Table 3. Eight audiometric configurations as established using the IEC 60118-5 measurement procedure.37 All data points are in dB HL.

Table 3. Eight audiometric configurations as established using the IEC 60118-5 measurement procedure.37 All data points are in dB HL.

Again, the goal of the current study was to provide evidence to this growing area of interest so that hearing healthcare professionals can counsel their patients on which PSAP might be potentially appropriate for his/her hearing loss.

Using data collected in this study, the second goal was to establish a repository of PSAP data where the same measures collected by select audiologists on additional PSAPs and OTC devices would be continually added. The intended purpose of the database is to make performance data accessible to all hearing healthcare professionals to facilitate an informed process when making decisions as to whether or not a specific PSAP and/or OTC may be potentially suitable for a particular patient. While the authors are not suggesting PSAPs or OTC devices replace traditional hearing aids, these devices can be an option for patients with “mild” hearing loss who are not able to afford traditional hearing aids. At least one center has been invited and is actively collecting data on a new subset of PSAPs at the time the current study was submitted for publication.

The PSAP repository resides as a resource on the Oaktree Products website and accessible via the link:

Study Procedures

The study had two primary goals:

  1. To assess the electroacoustic performance of the hearing devices and compare to the manufacturer specifications, and
  2. To assess real-ear performance of the hearing devices to NAL-NL2 at input levels of 50 and 65 dB SPL for the eight audiometric configurations.

All coupler and real-ear measurements were performed using the Audioscan Verifit2 hearing instrument fitting system (software version 4.9.106). REMs were performed utilizing a Frye Electronics’ “dummy ear” which closely approximates the Real-Ear Unaided Response (REUR) of the average ear.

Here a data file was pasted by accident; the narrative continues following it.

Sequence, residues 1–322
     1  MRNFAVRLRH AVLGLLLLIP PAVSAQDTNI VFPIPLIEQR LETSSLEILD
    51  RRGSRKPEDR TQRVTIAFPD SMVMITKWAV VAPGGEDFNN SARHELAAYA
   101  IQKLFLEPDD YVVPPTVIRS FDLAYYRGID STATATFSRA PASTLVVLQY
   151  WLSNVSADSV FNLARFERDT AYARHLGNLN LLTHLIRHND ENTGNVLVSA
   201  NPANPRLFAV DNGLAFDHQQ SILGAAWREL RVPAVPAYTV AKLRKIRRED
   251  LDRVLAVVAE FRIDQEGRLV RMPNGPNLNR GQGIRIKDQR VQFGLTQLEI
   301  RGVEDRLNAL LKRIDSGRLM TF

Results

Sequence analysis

Table 4. ANSI S3.22-200918 tests and tolerances (Frye Electronics Inc, 2010).

Table 4. ANSI S3.22-200918 tests and tolerances (Frye Electronics Inc, 2010).

The first part consisted of 2cc coupler measures using the Audioscan Verifit2 test box. After each hearing device was measured, the measured coupler data was compared to the manufacturer specifications (when available). For coupler measures, each hearing device was measured to ANSI S3.22-200918 while adjusted to Full-on Gain (FOG) and Reference Test Gain (RTG), when possible. For those devices where RTG position was not possible (ie, all PSAPs), the maximum gain setting was used (either highest volume control setting, program with greatest gain, or both). A list of ANSI S3.22-2009 tests and tolerances are listed in Table 4.

The second part of the study consisted of REM using the Audioscan Verifit2. The objective was to assess the real-ear performance of each hearing device and determine which devices would be more appropriate for patients with the eight audiometric configurations in Table 3. For each of the eight audiograms, REM was performed twice. The first measurement was based on a “first-fit” approach—represented by either the manufacturer’s quick-fit (ie, with hearing aids) or the baseline amplification provided by the device turned on “out of the box” (ie, with PSAPs). It is in the opinion of the authors that this is the manner most patients would probably use the devices and may represent “real life” use of the PSAP. The second measurement was based on a “programmed” approach whereby each device was programmed or adjusted so the measured REAR met NAL-NL2 at 250-6000 Hz for soft (50 dB SPL) and average (65 dB SPL) speech input levels within ±5 dB, if possible. Research has reported, however, that only 20-30% of hearing aids are programmed to a prescriptive target and the remaining 70-80% are fit to manufacturer first-fit21 which is why the authors captured data in both conditions.

Although previous research has considered that NAL-NL2 was “matched” if the measured REAR or Real-Ear Insertion Gain (REIG) was within ±10 dB of target,10,13 the authors of the current study elected a more stringent tolerance of ±5 dB at 250-6000 Hz.22 The British Society of Audiology guideline states that “tolerances to the prescription rationale of ±5 dB at frequencies of 250, 500, 1000, and 2000 Hz, and of ±8 dB at 3000 and 4000 Hz should be achieved in all cases.”22 The investigators, however, elected an even greater stringent tolerance due to the fact that the British standard states “these tolerances are fairly loose, and depending on the degree of hearing loss often closer matches to targets can be achieved.”22


Electroacoustic data. For the majority of devices, measured coupler data matched manufacturer specification, with few exceptions. Devices such as the Etymotic Bean, ExSilent Qleaf Lite, Ytango Lite, and Soundhawk performed weaker than manufacturer specification (Max OSPL90, Avg OSPL90, and Avg FOG). Several PSAPs also had high levels of EIN (Soundhawk, NuHeara IQbuds, ExSilent Qleaf Lite, and ExSilent Ytango Lite). All hearing aid data almost always matched manufacturer specification.